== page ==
Archive - Jun 2011 - News Article
A local gospel group, who have been together for 11 years, plans to help kick off the Auglaize County Fair by performing on July 31 in the Gospel Tent.
Just Us Quartet sings a variety of music, including gospel, while sharing their faith through music. The group is a local quartet from Wapakoneta, and are a regular to the Gospel Tent each year.
The group consists of lead vocalist Dale Dicus, tenor Everett Gross, baritone Garth Parsons, bass Don Bailey and accompanist Karen Butler.
âWe sing at places all over the area,â member Don Bailey said. âWe will go to any place that invites us.â
A maintenance agreement on ballot counting equipment should continue to ensure voter confidence, the Auglaize County Elections Board director says.
The hardware maintenance services and software maintenance contact and support agreement with Election Systems & Software (ES&S) recently was approved by the Auglaize County commissioners at an annual cost of more than $15,700. The five-year contract automatically renews and extends through April 30, 2016.
The county uses ES&Sâs voter tabulation equipment and licensed software.
AS A WARM FRONT PUSHES NORTH INTO THE REGION THIS AFTERNOON...MODERATE
INSTABILITY IS EXPECTED TO DEVELOP IN THE WARM SECTOR. THIS INSTABILITY
ALONG WITH FAVORABLE SHEAR SUGGESTS THAT STORMS WHICH DEVELOP SHOULD
BECOME ORGANIZED. SOME OF THESE STORMS MAY BECOME SEVERE THIS AFTERNOON
INTO TONIGHT WITH THE MAIN THREAT BEING DAMAGING WINDS.
Auglaize County Prosecuting Attorney Edwin Pierce says that communication at both the local and state levels has been the key weapon in combatting the ever-growing problem of âbath saltsâ use.
That communication likely will lead to sweeping legislation that has been attached to the stateâs budget bill which would take effect July 1.
Pierce said that an amendment has been proposed to add onto Ohio House Bill 153, The Ohio biennial operations budget bill, which will declare the drug as a controlled substance in the Ohio Revised Code (ORC).
Whether its another child they look like or someone with the same name, students at Wapakoneta Elementary School sometimes find themselves involved in a case of mistaken identity.
Alice and Anne
Alice and Anne Grumblis, twins in kindergarten this past year, said they like a lot of the same things but not everything about them is similar, even if most of their classmates couldnât tell them apart.
âA couple of our friends can, but I donât know how,â Alice said. âOur parents can and our teachers, sometimes, now that weâve had them all year.â
A Wapakoneta native who recently attended a leadership conference will take all of the information she learned back to her university in hopes of saving lives.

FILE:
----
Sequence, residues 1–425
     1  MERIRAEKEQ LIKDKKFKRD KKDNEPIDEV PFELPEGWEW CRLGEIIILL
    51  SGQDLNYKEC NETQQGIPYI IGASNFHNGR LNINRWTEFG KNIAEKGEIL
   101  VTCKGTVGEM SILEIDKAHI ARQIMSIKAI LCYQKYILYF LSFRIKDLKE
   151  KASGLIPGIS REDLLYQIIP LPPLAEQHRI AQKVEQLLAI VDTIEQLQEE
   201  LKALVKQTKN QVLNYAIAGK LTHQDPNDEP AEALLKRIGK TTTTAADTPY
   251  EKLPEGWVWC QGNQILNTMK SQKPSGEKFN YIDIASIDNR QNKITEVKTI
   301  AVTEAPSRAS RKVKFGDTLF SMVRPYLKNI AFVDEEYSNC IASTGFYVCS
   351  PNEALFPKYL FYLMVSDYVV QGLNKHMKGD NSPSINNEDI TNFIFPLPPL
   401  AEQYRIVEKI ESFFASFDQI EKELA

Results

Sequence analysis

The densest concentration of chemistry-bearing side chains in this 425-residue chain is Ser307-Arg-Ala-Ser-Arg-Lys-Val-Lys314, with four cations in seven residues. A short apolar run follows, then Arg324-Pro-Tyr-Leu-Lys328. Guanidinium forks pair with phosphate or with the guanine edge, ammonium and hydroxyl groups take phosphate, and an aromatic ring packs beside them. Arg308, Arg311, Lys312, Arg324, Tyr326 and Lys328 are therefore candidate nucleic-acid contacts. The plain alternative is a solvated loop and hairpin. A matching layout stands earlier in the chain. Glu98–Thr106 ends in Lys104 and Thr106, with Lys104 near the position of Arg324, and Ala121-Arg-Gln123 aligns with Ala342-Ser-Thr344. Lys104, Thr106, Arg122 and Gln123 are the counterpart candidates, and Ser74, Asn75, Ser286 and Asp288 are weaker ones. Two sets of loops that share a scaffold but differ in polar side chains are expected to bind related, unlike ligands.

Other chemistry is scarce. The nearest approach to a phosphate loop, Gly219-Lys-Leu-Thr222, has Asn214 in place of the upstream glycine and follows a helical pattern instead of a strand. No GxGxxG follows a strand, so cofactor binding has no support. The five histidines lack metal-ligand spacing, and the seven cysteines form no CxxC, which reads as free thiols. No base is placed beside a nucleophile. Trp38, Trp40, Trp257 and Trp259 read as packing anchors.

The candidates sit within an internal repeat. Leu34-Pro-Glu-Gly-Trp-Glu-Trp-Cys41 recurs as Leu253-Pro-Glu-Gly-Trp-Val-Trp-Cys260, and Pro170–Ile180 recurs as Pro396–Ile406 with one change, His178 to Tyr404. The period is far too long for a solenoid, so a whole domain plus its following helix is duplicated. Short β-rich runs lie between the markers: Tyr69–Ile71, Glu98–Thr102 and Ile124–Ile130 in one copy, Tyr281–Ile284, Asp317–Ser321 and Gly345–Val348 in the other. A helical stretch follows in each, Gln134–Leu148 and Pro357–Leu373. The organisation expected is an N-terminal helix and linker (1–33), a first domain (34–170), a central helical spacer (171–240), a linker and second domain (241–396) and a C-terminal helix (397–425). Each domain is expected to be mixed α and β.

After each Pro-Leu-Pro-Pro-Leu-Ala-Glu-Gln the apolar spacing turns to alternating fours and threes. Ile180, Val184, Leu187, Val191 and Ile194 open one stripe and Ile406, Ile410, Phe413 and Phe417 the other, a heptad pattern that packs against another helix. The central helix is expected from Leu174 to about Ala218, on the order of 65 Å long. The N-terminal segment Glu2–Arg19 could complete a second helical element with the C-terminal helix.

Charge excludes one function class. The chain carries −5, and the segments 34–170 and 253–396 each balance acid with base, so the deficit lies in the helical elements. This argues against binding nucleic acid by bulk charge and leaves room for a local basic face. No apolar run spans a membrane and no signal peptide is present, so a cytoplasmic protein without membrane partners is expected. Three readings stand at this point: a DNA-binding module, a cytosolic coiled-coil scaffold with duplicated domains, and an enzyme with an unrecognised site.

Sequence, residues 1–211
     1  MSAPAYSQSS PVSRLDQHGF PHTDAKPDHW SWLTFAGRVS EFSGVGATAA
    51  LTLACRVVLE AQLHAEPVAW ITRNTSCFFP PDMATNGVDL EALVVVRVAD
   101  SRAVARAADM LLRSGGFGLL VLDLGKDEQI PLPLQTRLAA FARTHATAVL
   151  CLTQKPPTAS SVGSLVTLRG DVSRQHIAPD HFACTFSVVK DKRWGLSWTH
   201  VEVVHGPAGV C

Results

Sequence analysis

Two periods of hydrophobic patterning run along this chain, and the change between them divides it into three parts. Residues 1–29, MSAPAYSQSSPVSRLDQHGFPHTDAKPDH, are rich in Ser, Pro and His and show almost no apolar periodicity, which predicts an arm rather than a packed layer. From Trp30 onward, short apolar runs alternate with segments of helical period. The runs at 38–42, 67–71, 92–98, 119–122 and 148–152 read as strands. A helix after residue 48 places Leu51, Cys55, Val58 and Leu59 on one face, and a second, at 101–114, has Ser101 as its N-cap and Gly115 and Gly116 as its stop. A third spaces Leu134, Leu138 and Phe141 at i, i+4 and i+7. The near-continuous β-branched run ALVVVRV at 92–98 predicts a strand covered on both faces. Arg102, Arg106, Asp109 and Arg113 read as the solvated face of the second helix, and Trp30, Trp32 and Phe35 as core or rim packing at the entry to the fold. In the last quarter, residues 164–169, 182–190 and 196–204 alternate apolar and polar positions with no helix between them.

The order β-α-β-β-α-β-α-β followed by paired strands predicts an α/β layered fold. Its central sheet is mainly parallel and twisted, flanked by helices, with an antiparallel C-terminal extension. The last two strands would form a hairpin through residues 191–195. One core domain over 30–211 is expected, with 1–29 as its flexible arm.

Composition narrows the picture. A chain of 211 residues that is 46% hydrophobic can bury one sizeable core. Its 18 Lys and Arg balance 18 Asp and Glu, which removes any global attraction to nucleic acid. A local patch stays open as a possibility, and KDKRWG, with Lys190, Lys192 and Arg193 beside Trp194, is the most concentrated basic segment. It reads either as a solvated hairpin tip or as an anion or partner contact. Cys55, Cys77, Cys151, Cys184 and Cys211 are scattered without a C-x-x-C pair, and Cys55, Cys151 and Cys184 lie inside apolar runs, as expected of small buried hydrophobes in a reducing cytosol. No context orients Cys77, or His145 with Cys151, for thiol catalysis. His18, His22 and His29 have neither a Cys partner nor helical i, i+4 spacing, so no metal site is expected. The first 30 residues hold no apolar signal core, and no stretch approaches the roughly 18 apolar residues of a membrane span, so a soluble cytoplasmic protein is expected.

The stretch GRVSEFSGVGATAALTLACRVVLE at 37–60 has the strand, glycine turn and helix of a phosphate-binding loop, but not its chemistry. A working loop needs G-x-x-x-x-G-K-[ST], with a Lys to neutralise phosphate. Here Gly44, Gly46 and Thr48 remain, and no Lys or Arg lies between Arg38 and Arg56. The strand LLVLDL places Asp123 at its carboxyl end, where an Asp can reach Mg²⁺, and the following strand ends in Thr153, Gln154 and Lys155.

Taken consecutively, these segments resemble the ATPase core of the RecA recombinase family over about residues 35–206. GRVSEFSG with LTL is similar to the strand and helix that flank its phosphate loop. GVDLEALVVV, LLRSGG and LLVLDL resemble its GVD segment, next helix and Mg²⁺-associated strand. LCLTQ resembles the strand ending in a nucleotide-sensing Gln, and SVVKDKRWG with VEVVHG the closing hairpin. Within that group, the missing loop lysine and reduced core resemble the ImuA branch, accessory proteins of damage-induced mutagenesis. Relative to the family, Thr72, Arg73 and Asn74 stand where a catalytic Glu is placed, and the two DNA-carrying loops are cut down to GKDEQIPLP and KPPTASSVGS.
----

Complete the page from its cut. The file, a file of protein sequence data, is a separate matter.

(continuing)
Devon Golden, a 2009 graduate of Wapakoneta High School, attended the Red Cross/NAIA Collegiate Leadership Program in Washington, D.C. from June 6-June 17.
âIt was the best experience Iâve ever had,â Golden said.
Golden, who plays basketball at Georgetown College in Kentucky, was one of the 14 National Association of Intercollegiate Athletics (NAIA) college athletes chosen to attend this special leadership conference.
In a flash, Wapakoneta EMS personnel watch as a person being transported in a rescue squad jumps out the back door when the vehicle stops for a traffic light at the intersection of Wood and Bellefontaine streets. He flees the scene on foot.
While the Wapakoneta police K-9 tracks the suspect back to his home, the suspect cannot be found.
Traffic at the Neil Armstrong Airport, located outside of New Knoxville, has been picking up since spring.
âWeâ-ve been extremely busy during the last two months,â Neil Armstrong Airport Manager Sean Stroh said. âWeâve seen a huge increase in corporate and agriculture traffic.â
Stroh said while every spring the airport has some increased traffic from crop dusters, this year that number nearly doubled what it would be during an average year.
âMore farmers used aerial applications since they were unable to get in the wet fields,â Stroh said.
The health education director for the Auglaize County Health Department recently received recognition as a âDistinguished Toastmaster.â
Janet Bassitt, 58, of Wapakoneta, was presented with the award, including a plaque and medallion, during a recent district conference.
Having joined the local Toastmasters Group, Grand Lake Toastmasters, of St. Marys, to improve her communication skills, Bassitt said she never anticipated achieving the highest level of recognition members of the international organization can earn.
When reflecting on the past couple of months, Wapakoneta Police Chief Russ Hunlock offers this simple maxim about people intending to experiment with âbath saltsâ â âdonât do it, donât do it, donât do it.â
Bath salts, which are a product with no real practical use, are a synthetic hallucinative drug, which can be snorted, injected, ingested or smoked and are legal in Ohio â for now. An amendment to the stateâs biennial operations budget bill would make them illegal with its passage.